I spotted all four members of the snatch squad before they made their move: the pseudo-couple by the door plus two supposed delivery drivers bellying up to the long counter in Stans Cafe (no apostrophe). I guess minimising civilian casualties was still a consideration, but they gave the game away by waiting too long – this wasn’t an eatery where the patrons dawdled over their food.
Unless you were someone like me, with nowhere in particular to go, and in no rush to get there. I was content to sit by the unisex toilet, from where I could take in the entire room, and deal with the obvious threat when it materialised. Preferable to making a run for it on general principal and risk a close pursuit.
When the real customers were down to just some old guy and his terrier in the far corner, it kicked off. All four rose as one and came my way – with two drawn pistols, wrist ties and a black head bag on display.
All four fell dead to the worn lino.
The girl serving behind the counter screamed but I was already on my feet and into the loo. I’d sussed the original window behind the cistern had been replaced by hardboard when they’d installed an Xpelair fan, and only tacked into place. Two straight-arm palm thrusts on the diagonal were enough to send the surround toppling out into the rear alley, with me slithering in close pursuit. With no formal access from Stans, I gambled it wouldn’t feature in anyone’s containment strategy.
I twisted to land on a shoulder rather than outstretched hand. My heavy wool overcoat took the brunt of it, reducing the impact with broken glass, rusting cans and other crap to future bruising rather than lacerated palms. Still bloody hurt, though.
Back on my feet I shrugged off the soiled coat and headed down the alley towards Essex Street. As I walked, I fashioned my silk scarf into an ersatz cravat, and buttoned up my jacket. Another gamble – that surveillance would be concentrated on the main and side entrances to the café, and my ad-hoc change in appearance would be enough to escape a distracted human observer.
I emerged into the confusion of pedestrians encountering the secret state in action. Two plain-clothes officers sporting compact machine pistols were advancing on the café door, and I assumed similar around the corner where the bins were accessed.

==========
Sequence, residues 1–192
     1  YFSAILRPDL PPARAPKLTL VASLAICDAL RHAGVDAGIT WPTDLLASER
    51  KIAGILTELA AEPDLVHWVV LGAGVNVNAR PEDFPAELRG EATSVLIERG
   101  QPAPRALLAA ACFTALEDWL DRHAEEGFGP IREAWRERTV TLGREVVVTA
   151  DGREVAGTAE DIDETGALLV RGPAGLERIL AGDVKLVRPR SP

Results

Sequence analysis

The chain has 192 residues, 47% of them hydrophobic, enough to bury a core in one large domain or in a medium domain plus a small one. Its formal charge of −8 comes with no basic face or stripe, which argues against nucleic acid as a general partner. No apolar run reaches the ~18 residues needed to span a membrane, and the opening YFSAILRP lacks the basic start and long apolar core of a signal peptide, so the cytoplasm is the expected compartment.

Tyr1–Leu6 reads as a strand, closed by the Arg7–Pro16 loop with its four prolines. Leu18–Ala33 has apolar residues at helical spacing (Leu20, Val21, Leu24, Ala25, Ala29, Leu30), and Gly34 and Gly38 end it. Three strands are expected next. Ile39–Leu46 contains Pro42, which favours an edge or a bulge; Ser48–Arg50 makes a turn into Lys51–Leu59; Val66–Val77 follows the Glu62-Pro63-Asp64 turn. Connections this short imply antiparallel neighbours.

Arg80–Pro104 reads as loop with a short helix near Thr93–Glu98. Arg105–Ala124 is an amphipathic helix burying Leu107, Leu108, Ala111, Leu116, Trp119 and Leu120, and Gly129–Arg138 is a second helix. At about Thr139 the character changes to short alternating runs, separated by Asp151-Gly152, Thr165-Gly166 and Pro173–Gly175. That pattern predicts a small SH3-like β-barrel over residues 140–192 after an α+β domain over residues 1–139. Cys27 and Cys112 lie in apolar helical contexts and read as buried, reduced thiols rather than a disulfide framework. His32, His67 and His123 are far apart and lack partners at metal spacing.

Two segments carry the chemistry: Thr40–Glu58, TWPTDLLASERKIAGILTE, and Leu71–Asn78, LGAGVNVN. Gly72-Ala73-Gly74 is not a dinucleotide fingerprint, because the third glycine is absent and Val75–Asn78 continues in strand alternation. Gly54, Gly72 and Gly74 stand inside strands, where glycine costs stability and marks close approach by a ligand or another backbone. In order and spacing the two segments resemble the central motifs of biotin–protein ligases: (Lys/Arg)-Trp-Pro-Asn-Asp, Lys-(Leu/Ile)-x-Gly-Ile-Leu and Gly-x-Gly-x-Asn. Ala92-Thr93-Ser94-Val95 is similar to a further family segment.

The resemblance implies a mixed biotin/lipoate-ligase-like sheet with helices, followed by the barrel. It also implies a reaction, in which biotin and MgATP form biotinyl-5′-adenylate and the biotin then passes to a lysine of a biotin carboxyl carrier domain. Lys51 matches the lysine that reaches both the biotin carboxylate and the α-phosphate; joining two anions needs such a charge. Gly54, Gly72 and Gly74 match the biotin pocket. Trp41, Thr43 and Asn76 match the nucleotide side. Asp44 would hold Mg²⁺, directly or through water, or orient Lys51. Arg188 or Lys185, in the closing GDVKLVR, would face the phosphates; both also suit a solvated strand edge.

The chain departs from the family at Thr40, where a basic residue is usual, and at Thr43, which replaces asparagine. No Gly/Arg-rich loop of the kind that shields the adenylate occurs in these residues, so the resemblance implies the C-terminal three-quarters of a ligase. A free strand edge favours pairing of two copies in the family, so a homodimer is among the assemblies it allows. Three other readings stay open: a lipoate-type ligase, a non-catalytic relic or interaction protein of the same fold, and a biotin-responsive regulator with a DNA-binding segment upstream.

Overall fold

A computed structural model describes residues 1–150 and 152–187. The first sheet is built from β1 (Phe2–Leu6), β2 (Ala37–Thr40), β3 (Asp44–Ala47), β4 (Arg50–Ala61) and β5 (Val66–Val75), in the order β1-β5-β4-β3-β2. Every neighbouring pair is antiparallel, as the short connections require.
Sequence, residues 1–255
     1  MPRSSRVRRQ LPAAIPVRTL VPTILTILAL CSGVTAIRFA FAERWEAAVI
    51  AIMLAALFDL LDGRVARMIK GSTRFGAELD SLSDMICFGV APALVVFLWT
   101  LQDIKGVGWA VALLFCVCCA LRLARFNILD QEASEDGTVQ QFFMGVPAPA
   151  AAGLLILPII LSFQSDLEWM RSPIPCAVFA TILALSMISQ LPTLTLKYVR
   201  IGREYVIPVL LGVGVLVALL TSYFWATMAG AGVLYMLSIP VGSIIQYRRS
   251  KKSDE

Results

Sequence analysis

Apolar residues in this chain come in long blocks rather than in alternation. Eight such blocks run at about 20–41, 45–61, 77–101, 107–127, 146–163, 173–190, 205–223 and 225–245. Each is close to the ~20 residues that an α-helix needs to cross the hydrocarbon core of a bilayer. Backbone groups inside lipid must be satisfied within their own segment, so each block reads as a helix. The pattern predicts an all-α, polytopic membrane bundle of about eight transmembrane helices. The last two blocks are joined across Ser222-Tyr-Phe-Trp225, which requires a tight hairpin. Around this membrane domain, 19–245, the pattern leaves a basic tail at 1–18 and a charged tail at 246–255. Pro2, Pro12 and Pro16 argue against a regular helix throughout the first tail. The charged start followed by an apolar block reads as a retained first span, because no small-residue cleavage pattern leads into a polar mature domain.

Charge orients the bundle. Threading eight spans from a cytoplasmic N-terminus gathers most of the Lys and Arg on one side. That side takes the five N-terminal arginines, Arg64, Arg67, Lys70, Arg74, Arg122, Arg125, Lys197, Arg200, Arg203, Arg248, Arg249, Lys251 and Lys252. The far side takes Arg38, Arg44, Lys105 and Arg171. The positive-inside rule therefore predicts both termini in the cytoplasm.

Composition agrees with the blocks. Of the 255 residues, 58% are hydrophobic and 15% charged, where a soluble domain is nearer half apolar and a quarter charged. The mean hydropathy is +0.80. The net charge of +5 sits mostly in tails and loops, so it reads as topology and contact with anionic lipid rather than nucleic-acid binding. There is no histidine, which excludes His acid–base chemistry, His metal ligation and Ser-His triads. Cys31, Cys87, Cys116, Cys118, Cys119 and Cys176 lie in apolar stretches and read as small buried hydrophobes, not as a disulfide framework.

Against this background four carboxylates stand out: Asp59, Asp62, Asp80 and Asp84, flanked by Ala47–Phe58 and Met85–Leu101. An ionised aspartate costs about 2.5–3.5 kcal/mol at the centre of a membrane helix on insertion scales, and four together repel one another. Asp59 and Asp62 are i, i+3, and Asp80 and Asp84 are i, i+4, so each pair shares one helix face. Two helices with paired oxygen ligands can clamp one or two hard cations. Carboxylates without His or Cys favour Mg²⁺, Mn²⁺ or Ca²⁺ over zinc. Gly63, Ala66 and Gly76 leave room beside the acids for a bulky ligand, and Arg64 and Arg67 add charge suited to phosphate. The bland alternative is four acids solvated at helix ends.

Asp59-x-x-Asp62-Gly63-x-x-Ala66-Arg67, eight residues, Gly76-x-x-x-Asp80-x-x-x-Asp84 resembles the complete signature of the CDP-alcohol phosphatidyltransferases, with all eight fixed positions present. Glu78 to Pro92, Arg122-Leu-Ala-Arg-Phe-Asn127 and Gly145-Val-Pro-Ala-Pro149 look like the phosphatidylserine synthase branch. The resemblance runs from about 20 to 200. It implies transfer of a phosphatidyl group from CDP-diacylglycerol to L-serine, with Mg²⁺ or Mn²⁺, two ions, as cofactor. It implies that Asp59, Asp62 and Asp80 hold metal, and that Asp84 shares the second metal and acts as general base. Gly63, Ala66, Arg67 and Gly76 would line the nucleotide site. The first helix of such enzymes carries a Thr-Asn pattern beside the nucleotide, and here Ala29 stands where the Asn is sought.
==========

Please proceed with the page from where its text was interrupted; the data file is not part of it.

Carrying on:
Turning left I walked less than 20 yards and down another alleyway that exited into Victoria Mews – literally a different post code. Despite the October chill as dusk drew on, the pavement tables outside Coffee Cabana were quite busy. As I passed, a young woman slid a banknote under her saucer and stood up, talking on a mobile. She was warmly clad in overcoat and leather gloves, topped off with a woolly bobble hat. Not best pleased at what she was hearing if her frown was anything to go by. I took a half-step to the right around her radiated annoyance, avoiding eye contact.
Two men walking towards me hand-in-hand broke contact and reached into the outside pockets of their matching bulky jackets. I didn’t react other than to slow my pace, waiting for the full ambush to unfold.
I felt a hand on my shoulder and a woman’s voice, Scottish accent, in a rush to get the words out. “The palm of my glove contains a shaped charge that will detonate if I break contact.” Miss Bobble Hat took a breath. “We simply wish to have a civilised conversation concerning your situation. No blindfolds, no extreme rendition, no sudden, unexplained, deaths. Your choice of public venue, but one where you cannot keep all of us in sight simultaneously.”
It could have been a bluff, I suppose, but it seemed I’d now used up my luck for this afternoon. I gestured across the street. “That pub, Brodies. It caters mostly for the evening crowd so should be quiet enough, but public enough, to satisfy both parties.”
“Lead the way, Mister Gabriel.”
I sat facing the blonde woman (hat removed), with untouched coffees in front of us. She exuded a cheery disposition that didn’t extend to her eyes. Her two associates sat at tables behind me so that I was in a triangulated field of fire. Perhaps the glove had been a bluff, or I’d missed her disarming it, but in any event, they now had me cold.
Across the room, one of the other patrons was feeding the music system. He hesitated for a moment, then also slid a coin into the ‘Disco’ box on the wall beside it. The slighted muted strains of “Jeux sans frontiers” – by my namesake, no less – issued from the wall speakers.
My companion almost smiled. “You can call me Fiona, Mister Gabriel – or can I call you Peter?” I shrugged. “Well, Peter, we may be the first to identify your, um, unique talent, but if you won’t work for us, well, such a potentially destructive ability can’t be allowed to fall into the wrong hands. I’m afraid it’s as simple as that.”
“You think I wanted things this way?” Each word was edged with bitterness. “It’s taken years to reign it in, to stop killing everyone who makes me angry.”
“But now you can direct it, take a life as you wish, in line of sight?”
I sighed and rubbed my eyes. “Yes, even a reflection is enough.”
Fiona sat back. “Excellent. Well, you’ll be, um, doctored to ensure your loyalty-”
“You mean compliance.”
“Same thing – but other than that, you’ll find working for us quite agreeable.”
“Killing to order”
Another almost smile. “Quite.”
Music filled a sudden lull in the low background chatter. “It’s a knockout.”
I sat back and raised my eyes to Heaven. The mirror ball descended, displaying a myriad bar interiors as the ceiling spots weren’t turned on. Sometimes Fate displays a sense of humour, or at least synchronicity.
“If looks could kill…”